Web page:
Tuesday, 18 August 2015

Capital III, Chapter 13 - Part 6

Underlying Marx's simplifying assumption of a steadily rising organic composition of capital, however, is the valid observation that the social productivity of labour steadily rises. A given number of workers progressively produces a constantly increasing volume of use values. The reason this is possible is that, for a whole range of commodities, the use of more, and progressively improved, machines raises the productivity of those workers, i.e. each worker is able to process increased volumes of material into an increased number of products.

But, even this is not as straightforward as it seems. Marx's other simplifying assumption about this process is that the increasing use of machines brings about a progressive deskilling of labour down to that of an homogeneous simple labour. But, again, Marx knew this was a contradictory process. Alongside this process also goes the need for an increasing number of technical workers, to develop and produce the machines etc. In fact, later in Capital III, although Marx anticipates the continued decimation of the petty producers, and even the small capitalists, he also sees the progressive growth of a middle class made up of these technicians etc.

Moreover, if we look at large sections of capital today, it requires workers with much higher levels of education than was required by unskilled workers in Marx's day. In fact, that is one reason capital developed the Welfare State. In that case, how valid is it to compare the labour-time provided by workers in one period with those of another, when, in fact, they may stand in relation to each other as complex labour to simple labour. In that case, fewer workers may actually provide more abstract labour-time than a larger number of their predecessors, so that what appears as a rising organic composition is not. Can we really say that the labour of a computer programmer, sitting at their PC, produces only the same amount of value in an hour, as the 19th century machine minder attending a single machine?

All of the caveats above being taken into consideration, however, it remains the case that, over long periods, the tendency of capitalist production will be that the quantity of c will rise relative to the quantity of v, and so with no changes in productivity, the value of c will rise relative to v, which, if the rate of surplus value remains constant, means that c will rise relative to s too. Put another way, s will fall relative to c, and also relative to c+v. The rate of profit will fall.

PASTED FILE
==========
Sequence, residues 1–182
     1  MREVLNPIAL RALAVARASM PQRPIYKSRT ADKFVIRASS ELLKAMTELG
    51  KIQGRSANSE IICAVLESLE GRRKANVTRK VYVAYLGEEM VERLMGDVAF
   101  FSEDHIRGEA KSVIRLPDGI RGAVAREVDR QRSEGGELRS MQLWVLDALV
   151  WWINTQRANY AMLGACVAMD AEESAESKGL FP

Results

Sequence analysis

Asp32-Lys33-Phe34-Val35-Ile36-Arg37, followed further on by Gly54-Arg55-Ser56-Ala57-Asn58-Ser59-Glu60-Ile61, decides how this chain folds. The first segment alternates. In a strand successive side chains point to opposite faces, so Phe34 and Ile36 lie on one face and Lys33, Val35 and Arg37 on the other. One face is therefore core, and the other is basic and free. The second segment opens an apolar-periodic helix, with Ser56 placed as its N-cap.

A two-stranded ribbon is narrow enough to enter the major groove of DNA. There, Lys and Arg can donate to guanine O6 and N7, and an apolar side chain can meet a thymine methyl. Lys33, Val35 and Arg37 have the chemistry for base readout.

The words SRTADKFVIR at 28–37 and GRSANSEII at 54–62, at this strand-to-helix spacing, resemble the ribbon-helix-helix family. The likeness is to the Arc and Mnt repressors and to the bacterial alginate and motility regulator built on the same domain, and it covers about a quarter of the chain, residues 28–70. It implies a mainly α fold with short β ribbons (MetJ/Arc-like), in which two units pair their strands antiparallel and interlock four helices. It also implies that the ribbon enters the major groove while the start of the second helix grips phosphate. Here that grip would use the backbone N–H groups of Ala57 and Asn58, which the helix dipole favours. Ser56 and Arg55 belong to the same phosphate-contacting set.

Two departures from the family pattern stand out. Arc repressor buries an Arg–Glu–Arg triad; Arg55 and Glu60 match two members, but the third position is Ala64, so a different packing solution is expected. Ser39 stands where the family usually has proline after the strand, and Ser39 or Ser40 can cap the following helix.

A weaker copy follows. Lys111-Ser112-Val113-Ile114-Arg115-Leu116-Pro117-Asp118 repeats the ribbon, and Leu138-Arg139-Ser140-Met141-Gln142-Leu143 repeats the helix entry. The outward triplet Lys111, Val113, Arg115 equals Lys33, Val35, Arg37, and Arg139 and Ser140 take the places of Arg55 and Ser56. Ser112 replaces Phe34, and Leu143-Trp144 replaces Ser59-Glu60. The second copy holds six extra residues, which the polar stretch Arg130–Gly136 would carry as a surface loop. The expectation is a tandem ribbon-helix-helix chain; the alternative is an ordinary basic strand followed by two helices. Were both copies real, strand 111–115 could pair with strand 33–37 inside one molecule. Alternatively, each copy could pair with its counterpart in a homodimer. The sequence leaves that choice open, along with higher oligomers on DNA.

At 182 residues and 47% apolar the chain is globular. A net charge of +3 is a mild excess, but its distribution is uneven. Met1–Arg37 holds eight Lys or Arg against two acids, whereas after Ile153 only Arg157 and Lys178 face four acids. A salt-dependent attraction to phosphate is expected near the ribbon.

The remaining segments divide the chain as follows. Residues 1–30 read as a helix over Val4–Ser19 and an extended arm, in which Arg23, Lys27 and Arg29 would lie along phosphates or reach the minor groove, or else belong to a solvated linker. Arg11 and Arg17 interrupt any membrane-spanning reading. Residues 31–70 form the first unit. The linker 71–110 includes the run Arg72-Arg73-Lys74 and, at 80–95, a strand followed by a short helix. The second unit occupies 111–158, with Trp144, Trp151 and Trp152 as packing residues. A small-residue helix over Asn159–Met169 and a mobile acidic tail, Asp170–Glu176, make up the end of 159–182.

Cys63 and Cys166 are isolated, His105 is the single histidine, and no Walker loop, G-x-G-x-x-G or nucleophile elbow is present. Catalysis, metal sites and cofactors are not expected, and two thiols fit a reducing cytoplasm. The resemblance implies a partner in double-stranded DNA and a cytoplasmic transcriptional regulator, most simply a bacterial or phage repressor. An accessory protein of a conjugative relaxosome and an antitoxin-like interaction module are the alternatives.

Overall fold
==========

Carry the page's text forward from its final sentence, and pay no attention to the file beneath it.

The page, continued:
But, as Marx points out, these assumptions cannot stand either. The whole basis of the assumption Marx has just set out, is precisely that the productivity of social labour rises – more use values are produced with increasingly smaller amounts of living labour. But, on that basis, its clear that although the quantity of c may rise, relative to v, the value of c may rise, fall or remain the same, relative to v, depending on how the price of production of means of production moves relative to the price of production of wage goods. Even if the price of means of production rises relative to the price of wage goods, so that c rises relative to v, this may not signify a fall in the rate of profit, because any fall in the price of wage goods will reduce v relative to s, so that the rate of surplus value rises. A rise in the rate of surplus value combined with a fall in the value of means of production – even with a rising technical composition – may result in the rate of profit rising not falling. The determining relation here then is not the relation of c/v, but the relation of c to the new value created by labour, i.e. to v+s. Not only, might s rise relative to v, but v+s itself might rise, if the value of the product of labour rises.

As Marx points out, the very factors which create the tendency towards a falling rate of profit, are the very same factors which also lead to a reduction in the value of commodities, including means of production and consumption, and, therefore, which simultaneously act to reduce the value of constant capital and raise the rate of surplus value, thereby raising the rate of profit! In short, it is only if we abstract from the reality of capitalist production that we can understand the underlying tendency of this rising social productivity of labour, to lead to a falling rate of profit. That is no different to Marx’s method of illustrating such laws as abstractions elsewhere, before then illustrating how these laws manifest themselves in the real world, in ways which are frequently completely different, and often as inversions of the underlying tendency.

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